I realized during my guest appearance on the NPR show, was that I am not mainstream. I know, this is obvious to everyone, but it still surprises me at times.
This also means that I have never dated in the mainstream world.
I did a role play with “a man who will deflect answering the STI status question while making you to feel weird for asking him.” I played it the way I would in real life: “I will consider sex only with barriers (including for oral) until (or if you recently had) an STI test.” The other person play acted to manipulate me, but I just answered, “It was nice getting to know you, but we are not a good match.“
(Now it probably wasn’t exactly this, but the essence of it. )
I am not sure that I “did it right”, in fact I felt that I did it wrong, but they wanted to give people a “script” they could follow. I did it in the only way I know how, by setting clear boundaries and caring about my health and the health of my lovers enough to not be manipulated by my [lust, need for validation, people pleasing, fear, attraction to the person, name your shadow]. So I gave them a script, even if it kinda seems unrealistic to many people who would be listening to this show.
When I later deconstructed this with a male friend, he said something like, “this happens all the time, and we (usually) can get some kind of sex without a condom because most people don’t know how to maintain their boundaries or can be dissuaded that STI status really matters.”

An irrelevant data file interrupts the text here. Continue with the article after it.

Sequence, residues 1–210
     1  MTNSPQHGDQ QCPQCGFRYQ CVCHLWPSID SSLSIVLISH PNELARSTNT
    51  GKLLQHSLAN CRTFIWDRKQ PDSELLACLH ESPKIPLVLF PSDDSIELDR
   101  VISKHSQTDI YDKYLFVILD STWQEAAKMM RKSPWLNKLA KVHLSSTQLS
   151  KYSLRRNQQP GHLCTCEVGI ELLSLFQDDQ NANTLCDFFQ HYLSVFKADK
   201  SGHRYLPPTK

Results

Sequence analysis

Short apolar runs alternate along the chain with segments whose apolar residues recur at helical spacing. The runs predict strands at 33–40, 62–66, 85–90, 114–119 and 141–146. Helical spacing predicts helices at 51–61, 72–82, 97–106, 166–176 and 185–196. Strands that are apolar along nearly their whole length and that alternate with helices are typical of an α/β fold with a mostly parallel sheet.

I am not sure if I did the role play the way they wanted, because honestly, I have never had anyone try to talk me into thinking STI status doesn’t matter. Being in the trenches of sex positive communities, really has it’s benefits. The STARS Talk isn’t something strange or asking for something crazy, but in the mainstream, it is a real stretch.
Am I trying too hard to convince “everyone” that sexual self-awareness, which includes all the elements of STARS, can make our world a better place?
Am I deluding myself that people are ready or even want this?
Is patriarchy so entrenched that the reality of sexual sovereignty seems impossible? I mean, why is it “normal” that someone can shame you for asking their STI status and still gets a blow job? Why does it have to be people raised as girls who need to set the bar? Maybe we are tired of being the gatekeepers.
So, I get kinda down about this and realize, I don’t have to change the world. I don’t need to convince anyone.
The STARS Talk concept IS aspirational.
And those that are ready to hear it, do.
It IS making a difference and people DO use it.
And I don’t have to try and be mainstream, well, because I am not.
I don’t need to famous, or liked, or even listened to.
But I have this crazy idea I am super passionate about because I believe, for those ready to hear it, will make the world a little kinder, a little sexier, and a lot more fun.
(I will share the link to the podcast when it comes out. Probably towards the end of March or April).
Much love and blessings,
Feel free to reach out to me, I would love to keep in touch via Instagram @SexMedDoc and @MakeTimeForTheTalk and via Facebook @ https://www.facebook.com/evelindacker/